RR is the precursor for cacheability (!)
trades-off efficiency of interaction for easier of integration and better independent evolvability of resources
In a nutshell document-centric means that the message contains enough information to represent a complete unit of work. RPC calls tend to be geared toward sending just the parameters needed to perform the action and have some stateful expectations from the service. Document-centric message, on the other hand, don’t make these assumptions, having a complete unit-of-work, means that the service has enough information or context in the message to understand all the state it needs. This also means that document centric messages are usually more coarse grained compared with their RPC counterparts. Table 5.2 below demonstrates 3 ways document centric messages can contain more context. Context Explanation History The message can contain the interaction up to this point - sort of like breadcrumbs in ht Hansel and Gretel tale. For instance in an Ordering scenario, if the first step was to get customer data and the current step is to set the order (each step can be with another service) the message would contain the customer information when it goes into the ordering service. Future The message can include the options the consumer can take to complete the interaction. Again, if we think about an ordering scenario, if the previous step was to reserve the order (see Reservation pattern in chapter 6), the return message can include the information needed to confirm the reservation. Complete Future Another way to provide context is for the message format to contain the complete details needed for the interaction. For the ordering example, this would mean that the message would have a skeleton to support all the order and related details and the parties involved will fill in the blanks as the interaction progresses.
(contrast this to objects that encapsulate them)
where you can actually find the thing or rather Representations of it e.g.in this case ( www.uri.com.hk ) representations of underwear fashion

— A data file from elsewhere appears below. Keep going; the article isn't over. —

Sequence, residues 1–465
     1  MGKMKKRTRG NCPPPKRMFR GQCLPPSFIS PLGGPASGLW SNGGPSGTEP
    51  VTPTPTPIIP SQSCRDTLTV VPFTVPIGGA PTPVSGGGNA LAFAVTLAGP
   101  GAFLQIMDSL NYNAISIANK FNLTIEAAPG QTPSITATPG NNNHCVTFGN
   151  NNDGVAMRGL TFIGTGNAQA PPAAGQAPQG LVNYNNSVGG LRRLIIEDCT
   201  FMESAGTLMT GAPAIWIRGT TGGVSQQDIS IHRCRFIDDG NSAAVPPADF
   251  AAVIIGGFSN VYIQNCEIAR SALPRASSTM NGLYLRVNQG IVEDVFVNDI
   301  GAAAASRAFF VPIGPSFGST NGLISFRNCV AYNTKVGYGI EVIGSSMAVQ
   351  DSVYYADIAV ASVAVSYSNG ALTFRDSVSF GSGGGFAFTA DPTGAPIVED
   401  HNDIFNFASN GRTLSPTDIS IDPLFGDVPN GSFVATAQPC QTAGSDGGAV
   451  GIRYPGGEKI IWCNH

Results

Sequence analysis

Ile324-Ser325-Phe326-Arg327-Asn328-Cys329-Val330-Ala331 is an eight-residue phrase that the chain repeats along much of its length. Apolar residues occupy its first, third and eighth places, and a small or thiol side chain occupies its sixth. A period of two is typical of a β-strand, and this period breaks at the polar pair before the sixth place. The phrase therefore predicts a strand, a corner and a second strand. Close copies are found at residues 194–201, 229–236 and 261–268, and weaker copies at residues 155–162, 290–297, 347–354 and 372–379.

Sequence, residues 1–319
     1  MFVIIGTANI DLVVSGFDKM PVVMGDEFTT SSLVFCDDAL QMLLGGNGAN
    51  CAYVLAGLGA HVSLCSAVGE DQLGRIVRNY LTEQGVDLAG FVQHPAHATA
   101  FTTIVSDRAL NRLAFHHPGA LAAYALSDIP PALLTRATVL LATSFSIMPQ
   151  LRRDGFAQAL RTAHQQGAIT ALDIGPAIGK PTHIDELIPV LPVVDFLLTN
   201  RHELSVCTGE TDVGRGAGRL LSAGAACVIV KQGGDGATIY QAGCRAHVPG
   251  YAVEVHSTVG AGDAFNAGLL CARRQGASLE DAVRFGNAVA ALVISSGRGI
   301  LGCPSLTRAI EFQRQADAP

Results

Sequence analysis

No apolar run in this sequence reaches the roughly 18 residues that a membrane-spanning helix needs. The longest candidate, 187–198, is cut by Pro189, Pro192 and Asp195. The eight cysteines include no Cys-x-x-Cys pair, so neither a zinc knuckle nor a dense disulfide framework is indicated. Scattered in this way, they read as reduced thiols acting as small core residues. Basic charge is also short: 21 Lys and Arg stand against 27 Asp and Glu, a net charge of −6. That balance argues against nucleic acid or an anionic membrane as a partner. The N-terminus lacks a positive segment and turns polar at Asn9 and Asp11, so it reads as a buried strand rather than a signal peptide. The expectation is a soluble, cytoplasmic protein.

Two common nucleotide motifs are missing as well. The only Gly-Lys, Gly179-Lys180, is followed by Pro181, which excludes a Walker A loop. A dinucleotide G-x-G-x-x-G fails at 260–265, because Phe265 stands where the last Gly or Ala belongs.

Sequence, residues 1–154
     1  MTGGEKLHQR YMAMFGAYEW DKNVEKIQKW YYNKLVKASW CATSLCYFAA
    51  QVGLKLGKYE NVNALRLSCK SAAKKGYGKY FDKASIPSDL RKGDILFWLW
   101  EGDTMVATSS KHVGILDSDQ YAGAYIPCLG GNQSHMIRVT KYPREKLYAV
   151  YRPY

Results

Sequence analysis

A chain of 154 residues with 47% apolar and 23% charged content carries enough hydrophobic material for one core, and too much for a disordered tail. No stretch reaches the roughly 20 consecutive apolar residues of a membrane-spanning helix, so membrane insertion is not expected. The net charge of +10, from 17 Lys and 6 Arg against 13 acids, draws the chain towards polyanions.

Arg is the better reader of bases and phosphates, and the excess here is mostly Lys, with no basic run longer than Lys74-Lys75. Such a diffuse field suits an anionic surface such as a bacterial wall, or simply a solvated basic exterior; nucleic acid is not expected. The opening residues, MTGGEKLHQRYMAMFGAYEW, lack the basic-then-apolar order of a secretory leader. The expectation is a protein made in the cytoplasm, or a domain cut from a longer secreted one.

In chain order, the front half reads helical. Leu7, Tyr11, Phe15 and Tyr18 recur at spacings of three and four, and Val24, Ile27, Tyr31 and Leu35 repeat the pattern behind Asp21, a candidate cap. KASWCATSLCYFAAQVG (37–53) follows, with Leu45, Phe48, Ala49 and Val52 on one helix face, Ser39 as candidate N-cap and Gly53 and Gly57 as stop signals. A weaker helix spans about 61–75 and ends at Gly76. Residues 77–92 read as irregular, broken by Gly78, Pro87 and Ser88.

HTTP defined a protocol (headers, verbs + response type etc.) GET PUT POST DELETE OPTIONS HEAD (TRACE –loop back the request as it is received by the server, can be a security hazard) CONNECT – defined in the spec as reserved)
e.g. Waka by Roy Fielding with things like Render ~ Get Monitor – subscribe to changes
In UPDATE you can send only the “diff” using put (and the document centric messaging) you can only replace
Can be used to check if state changed since last time if retrieving the body is a heavy operation
e.g. when you call the root URI it will let you know
Easier integration It isn’t that integration magically happen because of the uniform interface – but it is easier for humans to understand In RESTful HTTP integration is even easier because HTTP is ubiquitous so it is also easy to integrate cross-platform Not without challenges e.g. – getting security right, getting URIs right
We already seen that
As mentioned REST trades-off efficiency for interoperability and integration When you do need efficiency then REST is wrong It was also designed for Hypermedia systems (i.e. Web) if your solutions can’t support that, than it is wrong. If you have to integrate existing stuff that is not RESTful than it is wrong Etc.
A lot of people don’t understand REST and can create havoc just like in RPC based system e.g. translating every verb into a URI: http://www.example.com/DoAction The fallacies of distributed computing still matter REST does encourage some of the recommended practices (e.g. statelessness of communications, document centric messages, use of cache etc.)
It builds on simple concepts But you should be mindful to get it right Define the correct Resources Use cache (e.g. ETAG and Last-Modified in HTTP) Parse data in and out etc
Give it a REST already Arnon Rotem-Gal-Oz VP R&D xsights www.xsights.com www.rgoarchitects.com/nblog